I thought I had everything organized. I thought we were ready to go. This weekend has been a good reminder that even the best laid plans can go astray. I ended up spending 2.5 hours on the phone yesterday, dealing with a computer entry error at the prescription service that our insurnace requests we use. I was denying delivery of medications, which was causing me to be unable to pick up perscriptions at all. They blamed the pharmacy, and in the end it took way more patience than I was willing to give and a significant amount of blood pressure spikes to get their internal issue sorted out, but it is fixed. The problem is resolved. If fortune stays on my side, my spouse will have no problems with this matter following my surgery now.
I missed getting the oil changed in both cars. I only got in a total of two naps all weekend. I wish I felt more relaxed than I do. The laundry isnt ready. The dog still smells like dog. These are all minor issues now. In a week, we will have a whole new situation to adjust to. I will be a year older and my heart will be learning to beat "normally" for the first time ever.
I thought that this surgery would give me perspective on my life, especially post-surgery. I guess I never thought it would actually start three days before with a phone call to the pharmacy.
As I head into my last week at work for awhile, I am thankful to have a temp to train to help out while I am away. We didn't get everything done at the house I was hoping too, but the major items are checked off the list. The last piece is to finish packing. I am putting that off honestly, as reality is finally starting to sink in. We had an event yesterday, out of town and traveling in the middle of the blizzard. Luckily some of the family had hotel rooms with extra beds, so I was able to nap. I still have to decide who is coming and who is not. My spouse and I will discuss that more, as I want him to have support that day but not be overwhelmed. And the emotional cyclone has finally hit. Tears, anxiety, thankfulness, joy... it's a day-by-day approach at this point. The last task is to arrange pet care. We have our final consult tomorrow and a few tests... then I don't see anyone again until the day before the surgery. It is all feeling very real, a little scary, but overall very exciting to know in a few weeks we will be on the other side of this journey and into recovery. Best wishes to all.
Hi. Looking for anything helpful on Vitamin K food lists, recipes, etc. Lots of conflicting information on the web and having issues preparing food for post-op or letting family know how to help/what I can eat. Happy to take useful tips, favorite recipes, and more. My diet is pretty much made up of lots of greens and salads, which I am discovering will be a problem later. Any help appreciated.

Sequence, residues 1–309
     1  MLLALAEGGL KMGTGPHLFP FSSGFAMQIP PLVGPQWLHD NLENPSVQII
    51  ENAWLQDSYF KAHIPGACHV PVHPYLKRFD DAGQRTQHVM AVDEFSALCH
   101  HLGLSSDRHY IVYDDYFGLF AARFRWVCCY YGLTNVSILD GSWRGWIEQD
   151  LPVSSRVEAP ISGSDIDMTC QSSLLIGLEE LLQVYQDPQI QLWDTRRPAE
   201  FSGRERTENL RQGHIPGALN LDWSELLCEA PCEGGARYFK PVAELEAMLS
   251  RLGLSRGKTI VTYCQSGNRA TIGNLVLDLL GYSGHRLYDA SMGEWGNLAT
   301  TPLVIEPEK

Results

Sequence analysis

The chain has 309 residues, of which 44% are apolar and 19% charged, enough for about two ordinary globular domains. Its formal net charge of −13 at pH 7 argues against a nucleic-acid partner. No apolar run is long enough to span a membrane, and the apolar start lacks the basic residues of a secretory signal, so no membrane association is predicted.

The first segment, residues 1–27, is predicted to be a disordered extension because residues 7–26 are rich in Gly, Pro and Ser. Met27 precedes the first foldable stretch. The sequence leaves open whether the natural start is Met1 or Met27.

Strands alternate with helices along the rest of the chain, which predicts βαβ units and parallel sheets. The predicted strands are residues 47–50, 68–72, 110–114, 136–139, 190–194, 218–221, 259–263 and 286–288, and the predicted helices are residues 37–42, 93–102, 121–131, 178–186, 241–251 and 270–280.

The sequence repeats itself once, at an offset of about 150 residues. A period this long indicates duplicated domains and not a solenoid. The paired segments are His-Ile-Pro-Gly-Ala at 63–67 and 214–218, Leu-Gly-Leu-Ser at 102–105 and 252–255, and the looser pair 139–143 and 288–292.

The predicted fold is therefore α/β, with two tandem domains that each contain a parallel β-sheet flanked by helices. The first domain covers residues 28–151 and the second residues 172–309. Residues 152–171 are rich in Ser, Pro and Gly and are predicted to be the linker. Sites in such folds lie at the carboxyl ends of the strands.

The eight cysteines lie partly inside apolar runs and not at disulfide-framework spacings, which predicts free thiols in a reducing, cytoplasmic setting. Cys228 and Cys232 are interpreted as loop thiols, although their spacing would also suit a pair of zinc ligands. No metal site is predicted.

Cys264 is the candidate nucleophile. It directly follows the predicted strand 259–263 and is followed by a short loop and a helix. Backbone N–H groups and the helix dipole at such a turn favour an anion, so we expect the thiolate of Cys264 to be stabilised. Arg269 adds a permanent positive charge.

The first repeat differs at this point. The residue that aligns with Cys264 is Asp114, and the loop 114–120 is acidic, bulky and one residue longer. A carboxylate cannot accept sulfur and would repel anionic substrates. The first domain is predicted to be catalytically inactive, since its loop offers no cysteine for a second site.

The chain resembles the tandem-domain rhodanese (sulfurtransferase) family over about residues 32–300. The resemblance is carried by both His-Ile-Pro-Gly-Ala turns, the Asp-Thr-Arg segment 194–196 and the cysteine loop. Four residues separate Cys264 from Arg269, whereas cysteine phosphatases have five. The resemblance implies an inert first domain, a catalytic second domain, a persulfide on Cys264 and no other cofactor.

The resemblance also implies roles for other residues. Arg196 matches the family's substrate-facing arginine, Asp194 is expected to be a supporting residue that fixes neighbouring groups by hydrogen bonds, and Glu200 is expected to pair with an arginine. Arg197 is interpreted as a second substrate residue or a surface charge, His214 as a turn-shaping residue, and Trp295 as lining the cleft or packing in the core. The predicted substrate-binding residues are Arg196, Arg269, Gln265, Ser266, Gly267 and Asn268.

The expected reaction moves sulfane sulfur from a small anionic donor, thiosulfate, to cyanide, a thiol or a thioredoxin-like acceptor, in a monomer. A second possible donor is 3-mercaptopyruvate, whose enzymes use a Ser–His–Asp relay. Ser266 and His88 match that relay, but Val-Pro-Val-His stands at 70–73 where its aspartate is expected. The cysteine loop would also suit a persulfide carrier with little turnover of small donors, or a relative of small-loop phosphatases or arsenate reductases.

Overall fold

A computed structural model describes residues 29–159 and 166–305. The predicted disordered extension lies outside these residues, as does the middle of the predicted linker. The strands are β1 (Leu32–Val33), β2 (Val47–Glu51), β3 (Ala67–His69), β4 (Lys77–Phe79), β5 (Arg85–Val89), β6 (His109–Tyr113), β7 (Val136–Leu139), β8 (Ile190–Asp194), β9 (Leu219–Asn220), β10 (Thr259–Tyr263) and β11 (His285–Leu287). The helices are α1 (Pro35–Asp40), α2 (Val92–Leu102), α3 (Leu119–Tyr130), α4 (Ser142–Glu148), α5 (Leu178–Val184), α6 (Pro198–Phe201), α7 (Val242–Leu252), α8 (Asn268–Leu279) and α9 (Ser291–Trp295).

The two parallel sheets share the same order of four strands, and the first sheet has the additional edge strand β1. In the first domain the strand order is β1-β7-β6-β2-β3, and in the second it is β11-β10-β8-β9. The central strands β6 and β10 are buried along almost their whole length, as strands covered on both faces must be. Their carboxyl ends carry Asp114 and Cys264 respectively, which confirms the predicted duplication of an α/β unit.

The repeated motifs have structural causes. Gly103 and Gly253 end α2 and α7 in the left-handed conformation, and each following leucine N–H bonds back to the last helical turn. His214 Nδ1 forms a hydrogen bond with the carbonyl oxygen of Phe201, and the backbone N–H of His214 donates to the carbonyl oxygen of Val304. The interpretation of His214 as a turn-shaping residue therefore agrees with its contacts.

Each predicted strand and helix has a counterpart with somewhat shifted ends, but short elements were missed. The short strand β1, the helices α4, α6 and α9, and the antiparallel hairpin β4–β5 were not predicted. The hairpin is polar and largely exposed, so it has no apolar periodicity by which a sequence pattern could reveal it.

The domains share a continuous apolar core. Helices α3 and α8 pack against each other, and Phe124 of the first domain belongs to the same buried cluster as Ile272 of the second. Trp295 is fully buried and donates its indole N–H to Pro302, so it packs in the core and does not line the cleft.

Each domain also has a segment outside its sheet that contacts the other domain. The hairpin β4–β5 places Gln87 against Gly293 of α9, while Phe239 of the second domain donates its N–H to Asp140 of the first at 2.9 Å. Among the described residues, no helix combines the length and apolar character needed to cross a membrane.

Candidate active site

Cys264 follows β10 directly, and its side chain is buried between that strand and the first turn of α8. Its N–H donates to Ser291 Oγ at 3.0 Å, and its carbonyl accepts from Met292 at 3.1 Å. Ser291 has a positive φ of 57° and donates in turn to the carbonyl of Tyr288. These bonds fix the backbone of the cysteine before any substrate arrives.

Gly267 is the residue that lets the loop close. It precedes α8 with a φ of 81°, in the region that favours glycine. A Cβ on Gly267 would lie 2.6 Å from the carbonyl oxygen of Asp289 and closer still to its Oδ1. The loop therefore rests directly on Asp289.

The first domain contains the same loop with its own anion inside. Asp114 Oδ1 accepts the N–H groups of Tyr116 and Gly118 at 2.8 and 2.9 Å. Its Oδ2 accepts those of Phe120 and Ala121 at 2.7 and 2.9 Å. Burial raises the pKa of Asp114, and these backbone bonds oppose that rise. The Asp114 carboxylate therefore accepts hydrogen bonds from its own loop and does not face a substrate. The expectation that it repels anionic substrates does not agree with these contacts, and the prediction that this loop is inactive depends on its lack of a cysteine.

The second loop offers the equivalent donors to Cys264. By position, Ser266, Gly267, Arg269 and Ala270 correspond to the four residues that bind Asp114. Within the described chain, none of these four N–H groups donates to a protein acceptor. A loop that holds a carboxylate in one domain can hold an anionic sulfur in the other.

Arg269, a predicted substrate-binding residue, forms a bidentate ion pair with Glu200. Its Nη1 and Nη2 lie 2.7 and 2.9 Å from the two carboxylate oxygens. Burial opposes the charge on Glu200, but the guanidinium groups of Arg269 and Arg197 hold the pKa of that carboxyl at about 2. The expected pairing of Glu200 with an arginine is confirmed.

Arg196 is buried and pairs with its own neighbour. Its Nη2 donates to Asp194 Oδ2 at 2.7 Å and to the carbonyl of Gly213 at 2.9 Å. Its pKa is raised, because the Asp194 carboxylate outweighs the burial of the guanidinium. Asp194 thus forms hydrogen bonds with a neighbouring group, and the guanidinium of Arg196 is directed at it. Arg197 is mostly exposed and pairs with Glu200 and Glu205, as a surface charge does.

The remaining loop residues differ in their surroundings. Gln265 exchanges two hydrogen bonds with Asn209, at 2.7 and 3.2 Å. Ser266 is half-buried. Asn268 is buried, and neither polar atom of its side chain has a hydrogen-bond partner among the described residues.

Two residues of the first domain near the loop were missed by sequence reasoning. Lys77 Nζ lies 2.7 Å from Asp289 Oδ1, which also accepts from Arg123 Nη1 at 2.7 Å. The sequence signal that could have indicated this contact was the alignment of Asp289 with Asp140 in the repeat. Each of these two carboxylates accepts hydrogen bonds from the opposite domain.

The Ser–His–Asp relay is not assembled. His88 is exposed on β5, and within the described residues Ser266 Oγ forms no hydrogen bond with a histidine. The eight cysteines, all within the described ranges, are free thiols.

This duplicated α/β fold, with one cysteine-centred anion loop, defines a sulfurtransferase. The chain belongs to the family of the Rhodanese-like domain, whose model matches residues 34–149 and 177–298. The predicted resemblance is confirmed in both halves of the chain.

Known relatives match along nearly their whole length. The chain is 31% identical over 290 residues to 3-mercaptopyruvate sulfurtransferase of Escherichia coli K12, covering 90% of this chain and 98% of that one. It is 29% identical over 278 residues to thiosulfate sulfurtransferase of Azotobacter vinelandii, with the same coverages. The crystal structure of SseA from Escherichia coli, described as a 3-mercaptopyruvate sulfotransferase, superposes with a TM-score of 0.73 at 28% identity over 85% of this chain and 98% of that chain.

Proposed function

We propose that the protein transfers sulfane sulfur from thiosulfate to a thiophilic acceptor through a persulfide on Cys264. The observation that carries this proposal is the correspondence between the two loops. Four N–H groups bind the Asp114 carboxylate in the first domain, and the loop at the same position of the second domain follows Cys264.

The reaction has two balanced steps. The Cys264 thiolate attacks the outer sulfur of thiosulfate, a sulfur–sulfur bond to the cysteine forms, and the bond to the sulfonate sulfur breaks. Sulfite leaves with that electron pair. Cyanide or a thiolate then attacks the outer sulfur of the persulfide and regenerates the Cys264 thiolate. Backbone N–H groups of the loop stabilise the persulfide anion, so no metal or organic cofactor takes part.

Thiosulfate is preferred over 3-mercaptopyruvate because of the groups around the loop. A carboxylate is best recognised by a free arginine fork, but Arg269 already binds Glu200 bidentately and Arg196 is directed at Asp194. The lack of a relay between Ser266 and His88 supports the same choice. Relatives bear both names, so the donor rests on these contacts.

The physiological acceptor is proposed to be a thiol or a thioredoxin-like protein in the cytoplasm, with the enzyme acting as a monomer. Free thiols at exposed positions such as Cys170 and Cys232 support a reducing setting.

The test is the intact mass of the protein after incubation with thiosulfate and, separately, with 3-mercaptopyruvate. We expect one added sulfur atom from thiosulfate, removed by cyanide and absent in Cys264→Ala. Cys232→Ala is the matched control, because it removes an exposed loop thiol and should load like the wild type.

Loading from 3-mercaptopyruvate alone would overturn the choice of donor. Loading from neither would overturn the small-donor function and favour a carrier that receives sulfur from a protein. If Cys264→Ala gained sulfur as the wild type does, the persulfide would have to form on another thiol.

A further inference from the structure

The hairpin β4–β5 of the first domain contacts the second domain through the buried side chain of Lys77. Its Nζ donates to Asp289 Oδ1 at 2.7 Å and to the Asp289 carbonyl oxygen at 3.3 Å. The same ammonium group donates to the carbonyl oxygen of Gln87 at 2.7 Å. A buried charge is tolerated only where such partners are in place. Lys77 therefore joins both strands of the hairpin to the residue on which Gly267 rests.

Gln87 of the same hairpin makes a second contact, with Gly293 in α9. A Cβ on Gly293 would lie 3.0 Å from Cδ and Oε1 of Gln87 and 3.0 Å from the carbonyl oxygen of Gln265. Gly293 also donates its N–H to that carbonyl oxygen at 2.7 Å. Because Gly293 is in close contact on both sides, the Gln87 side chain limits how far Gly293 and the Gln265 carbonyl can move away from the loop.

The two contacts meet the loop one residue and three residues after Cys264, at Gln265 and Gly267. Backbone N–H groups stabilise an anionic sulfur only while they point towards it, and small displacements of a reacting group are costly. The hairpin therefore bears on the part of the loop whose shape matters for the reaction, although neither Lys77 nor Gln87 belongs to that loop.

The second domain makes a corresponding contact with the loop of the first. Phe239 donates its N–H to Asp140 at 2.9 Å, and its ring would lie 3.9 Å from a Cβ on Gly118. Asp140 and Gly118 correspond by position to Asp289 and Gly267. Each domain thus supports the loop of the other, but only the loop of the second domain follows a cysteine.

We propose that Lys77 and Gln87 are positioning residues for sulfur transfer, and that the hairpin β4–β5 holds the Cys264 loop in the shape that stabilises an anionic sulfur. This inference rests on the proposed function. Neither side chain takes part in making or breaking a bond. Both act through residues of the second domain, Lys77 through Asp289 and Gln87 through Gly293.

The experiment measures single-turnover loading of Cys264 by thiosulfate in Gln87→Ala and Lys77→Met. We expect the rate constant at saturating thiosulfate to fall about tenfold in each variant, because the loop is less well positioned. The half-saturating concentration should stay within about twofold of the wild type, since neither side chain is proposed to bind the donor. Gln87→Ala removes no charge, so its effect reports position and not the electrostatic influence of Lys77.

Pending any surprises, my BAV OHS sounds like it can be done locally. That is good news. Still no date set and taking everything in stride. Most difficult issue at this time is sleep realted. I am now using three pillows a night, stacked on top of eachother, which is allowing me to sleep. I wonder if a wedge pillow may be better? And if so, is there a particular one that anyone has had success with? Any feedback is greatly appreciated.
I made my follow-up appointment with my cardiologist. October 2nd. I hope discussing things with the doctor again and the follow-up Echo will help provide us with a baseline of some type to see how fast this situation is really progressing. Any information at this point is helpful because I have never felt more lost about what to do or who to turn to. From there then we decide who/when to speak with in regards to a surgeon. The one thing I am discovering is that there are no easy answers. I am preparing as best as I am able to, when I feel up to it. Reading, researching, and speaking with people who have been through surgery for tips on recovery has been helpful for me. I was feeling pretty optimistic about the surgery itself for awhile. The idea of feeling my heart beat "normally" for the first time in my life is scary and exciting. Then I discovered more about blood thinners. It is easy to say that topic now has me feeling a lot less enthusiastic. 😒 Overall though, increased fatigue aside, taking it one day at a time and hoping for the best.
P.S. One decision has been reached...our office is being redecorated to include a recliner. Small steps for which I am thankful we have time to prepare.
I am frustrated, as my body feels at times like it us betraying me. Technically, my BAV is still moderate. They think I am having symptoms, which makes my doctor want to move sooner on surgery versus later. How do I know for sure though that I am? I've had this condition and symptoms my whole life. How do I separate fact from fiction? I feel lost and don't know what to do or who to speak with. I feel like I am hyper-aware and/or panicking. But when I climb the stairs at work, I do feel winded. There is pressure in my chest. I know I've been getting more fatigued. It's just all so confusing. I wish I knew how to find answers.